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Safe driving tips

Mobile phones

Using a mobile phone while driving impairs your driving performance through distraction and increases the risk of crashing by at least four times. The most common types of crashes associated with mobile usage are 'run-off-the-road' crashes and 'rear end' crashes.

Using a mobile phone while driving significantly impairs your:

  • reaction time
  • visual search patterns
  • ability to maintain speed and position on the road
  • ability to judge safe gaps in the traffic
  • general awareness of other road users.

If you need to use your mobile phone, stop and park safely where you will not endanger yourself and other road users.

Research shows that young drivers can be easily distracted and may experience difficulty in balancing the many demands on their driving - from perceptual, mental and physical tasks. Using a mobile phone while driving, even if you're just looking at a message, increases your risk of a crash by up to four times.

Avoid the temptation to multi-task when you drive. Don't look at your phone or talk to anyone.

Heads up!

Learner's Permit and P1 Provisional drivers are banned from using any type of mobile phone function while driving.  The mobile phone ban includes:

  • using hands-free mode including Bluetooth technology
  • loudspeaker operation
  • GPS
  • text messaging.

The dangers of using a mobile phone while driving

Using a mobile phone while driving leads to riskier decision making and distracts you in many ways:

  • Physical distraction of handling the phone while driving.
  • Visual distraction in having to take your eyes off the road.
  • Cognitive distraction like having a conversation and driving at the same time.
Riskier decision making Deciding when it is safe to turn in traffic is a complex task. Using a mobile phone while driving affects judgment and concentration and you may fail to choose a safe gap. When making a decision to turn across oncoming traffic, you also tend not to consider the environmental conditions such as, when it is raining or the roads are slippery. If you don't make safe turns you could crash.
Slower reactions You generally react slower when using a mobile phone, particularly when you're deep in conversation. You may take longer to respond to traffic signals or completely miss them.
Slower and less controlled braking During a mobile phone call your brake reaction time is slower, and you brake with more force and less control which results in shorter stopping distances available between yourself and the car in front.
Wandering out of your lane You're more likely to wander out of your lane when you're using a mobile phone, even on a straight road with little traffic.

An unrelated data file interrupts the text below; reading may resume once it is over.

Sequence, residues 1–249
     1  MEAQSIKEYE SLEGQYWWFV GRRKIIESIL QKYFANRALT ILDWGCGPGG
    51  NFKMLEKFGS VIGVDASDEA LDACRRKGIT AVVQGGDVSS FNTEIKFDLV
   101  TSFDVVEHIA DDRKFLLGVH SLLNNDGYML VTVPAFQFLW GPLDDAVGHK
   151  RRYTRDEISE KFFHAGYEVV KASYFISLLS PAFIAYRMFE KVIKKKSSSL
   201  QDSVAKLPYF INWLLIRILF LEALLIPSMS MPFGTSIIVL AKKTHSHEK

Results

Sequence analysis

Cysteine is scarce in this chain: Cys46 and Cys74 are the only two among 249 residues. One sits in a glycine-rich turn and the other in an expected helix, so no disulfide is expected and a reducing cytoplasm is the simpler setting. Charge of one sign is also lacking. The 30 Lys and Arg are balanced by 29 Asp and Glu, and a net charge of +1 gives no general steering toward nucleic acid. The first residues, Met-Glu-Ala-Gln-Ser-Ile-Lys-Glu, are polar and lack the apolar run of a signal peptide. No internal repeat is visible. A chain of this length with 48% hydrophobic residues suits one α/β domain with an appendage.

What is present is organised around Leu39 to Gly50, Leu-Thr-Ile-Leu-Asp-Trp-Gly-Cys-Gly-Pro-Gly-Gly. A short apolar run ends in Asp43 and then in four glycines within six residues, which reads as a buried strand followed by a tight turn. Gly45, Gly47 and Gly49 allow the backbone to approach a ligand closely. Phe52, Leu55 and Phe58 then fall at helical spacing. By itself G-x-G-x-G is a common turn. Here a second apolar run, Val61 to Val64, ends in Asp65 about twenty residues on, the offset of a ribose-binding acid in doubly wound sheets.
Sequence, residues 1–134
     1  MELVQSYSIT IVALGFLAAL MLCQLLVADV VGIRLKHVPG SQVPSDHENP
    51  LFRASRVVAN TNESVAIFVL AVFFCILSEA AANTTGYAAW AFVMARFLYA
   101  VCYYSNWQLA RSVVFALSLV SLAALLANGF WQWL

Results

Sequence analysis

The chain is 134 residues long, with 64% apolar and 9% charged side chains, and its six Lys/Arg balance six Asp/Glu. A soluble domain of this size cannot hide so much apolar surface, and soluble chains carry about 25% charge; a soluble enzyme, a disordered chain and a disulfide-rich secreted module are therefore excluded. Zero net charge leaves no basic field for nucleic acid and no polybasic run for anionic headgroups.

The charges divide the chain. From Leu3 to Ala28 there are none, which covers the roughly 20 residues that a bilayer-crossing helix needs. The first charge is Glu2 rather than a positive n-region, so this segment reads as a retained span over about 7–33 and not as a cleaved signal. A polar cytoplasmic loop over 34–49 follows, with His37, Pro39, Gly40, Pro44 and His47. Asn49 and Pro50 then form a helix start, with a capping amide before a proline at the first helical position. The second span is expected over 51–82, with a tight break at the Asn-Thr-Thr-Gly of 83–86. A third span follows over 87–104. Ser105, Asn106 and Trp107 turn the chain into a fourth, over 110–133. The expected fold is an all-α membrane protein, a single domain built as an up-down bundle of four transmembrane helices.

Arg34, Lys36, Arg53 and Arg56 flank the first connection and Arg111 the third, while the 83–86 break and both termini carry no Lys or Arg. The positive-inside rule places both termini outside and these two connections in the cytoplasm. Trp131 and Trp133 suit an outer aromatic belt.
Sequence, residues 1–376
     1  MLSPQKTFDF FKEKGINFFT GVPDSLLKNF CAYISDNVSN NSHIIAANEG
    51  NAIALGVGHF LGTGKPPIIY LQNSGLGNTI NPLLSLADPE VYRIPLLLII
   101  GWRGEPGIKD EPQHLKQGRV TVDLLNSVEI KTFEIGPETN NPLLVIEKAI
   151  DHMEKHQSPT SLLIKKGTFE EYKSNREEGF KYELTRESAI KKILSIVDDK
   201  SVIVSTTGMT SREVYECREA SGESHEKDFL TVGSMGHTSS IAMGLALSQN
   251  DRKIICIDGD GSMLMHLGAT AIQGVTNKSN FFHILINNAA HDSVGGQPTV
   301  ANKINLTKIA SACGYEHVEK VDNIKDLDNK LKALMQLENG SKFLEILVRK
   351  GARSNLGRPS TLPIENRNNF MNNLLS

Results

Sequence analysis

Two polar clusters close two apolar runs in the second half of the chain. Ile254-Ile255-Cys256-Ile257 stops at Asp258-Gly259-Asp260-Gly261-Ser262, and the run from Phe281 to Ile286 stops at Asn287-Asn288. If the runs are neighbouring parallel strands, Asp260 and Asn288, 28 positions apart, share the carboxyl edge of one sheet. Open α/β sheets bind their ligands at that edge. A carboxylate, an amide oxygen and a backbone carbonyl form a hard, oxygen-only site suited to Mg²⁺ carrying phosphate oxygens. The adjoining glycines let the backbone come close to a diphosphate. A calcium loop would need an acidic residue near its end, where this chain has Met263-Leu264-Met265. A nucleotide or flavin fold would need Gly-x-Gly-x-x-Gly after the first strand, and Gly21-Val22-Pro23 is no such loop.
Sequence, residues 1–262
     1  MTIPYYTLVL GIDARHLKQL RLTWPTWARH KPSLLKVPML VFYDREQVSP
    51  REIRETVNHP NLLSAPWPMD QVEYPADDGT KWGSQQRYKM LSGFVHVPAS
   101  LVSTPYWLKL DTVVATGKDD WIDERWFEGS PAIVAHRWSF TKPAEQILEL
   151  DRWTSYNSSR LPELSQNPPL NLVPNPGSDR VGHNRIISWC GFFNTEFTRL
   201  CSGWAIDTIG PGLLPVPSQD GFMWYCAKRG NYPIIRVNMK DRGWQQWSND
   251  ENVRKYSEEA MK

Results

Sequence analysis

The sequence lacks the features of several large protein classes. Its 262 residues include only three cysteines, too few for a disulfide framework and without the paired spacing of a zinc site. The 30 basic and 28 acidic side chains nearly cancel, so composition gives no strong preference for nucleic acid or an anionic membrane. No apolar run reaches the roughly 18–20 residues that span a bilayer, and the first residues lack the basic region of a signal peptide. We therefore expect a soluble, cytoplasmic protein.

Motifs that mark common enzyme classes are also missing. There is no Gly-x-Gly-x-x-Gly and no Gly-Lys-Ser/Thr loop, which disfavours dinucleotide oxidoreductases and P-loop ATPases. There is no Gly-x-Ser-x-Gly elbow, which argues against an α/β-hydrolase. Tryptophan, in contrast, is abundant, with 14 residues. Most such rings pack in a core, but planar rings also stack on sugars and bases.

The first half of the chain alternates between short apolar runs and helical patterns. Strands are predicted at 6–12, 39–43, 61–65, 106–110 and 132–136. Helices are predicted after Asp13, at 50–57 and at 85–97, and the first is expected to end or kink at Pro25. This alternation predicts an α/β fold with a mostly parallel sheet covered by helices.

Not being alert to your surroundings When using a mobile phone, you tend to spend less time checking your mirrors and what's going on around you. This affects your ability to monitor and negotiate traffic safely.

Heads up!

Safe driving tips for using a mobile phone:

  • Never read or send text messages while driving. It is obvious your eyes are not on the road!
  • Use voicemail instead of answering your phone while driving.
  • Pull over safely and park to make or receive a call.
  • Plan breaks in your trip for phone calls.
  • Tell your family and friends not to call when you know you'll be driving.
  • Never look up phone numbers while driving.

YouTube link - Mobile phone distractions

What the law says

In South Australia, Rule 300 (Use of Mobile Phones) under the Australian Road Rules details what is and isn't legally acceptable use of a mobile phone while driving.

Rule 300 states that:

  • If a person wishes to make or receive a call, including dialing a number, and needs to touch any part of the phone to do so, that phone must be mounted (in a mounting commercially designed and manufactured for that purpose).
  • If the phone is being used via blue tooth, a headset or earphones without touching, holding or resting the phone on their body, the phone may be located anywhere in the vehicle, including in the driver's pocket or pouch they are wearing (the driver may touch the earpiece or headphone to operate the phone).
  • This does not affect the driver's freedom to hold the phone to make or receive calls, or use any other function of the phone, if the car is parked (but not stationary in a traffic queue or at lights).
  • It is an offence to create, send or look at a text, video message or email on a mobile phone.

This rule does not apply to learner's permit and P1 licence holders. These drivers are not allowed to use any type of mobile phone function of any kind while driving.

More information

Road Traffic Regulations 1999 - 33(1)
MAC campaign

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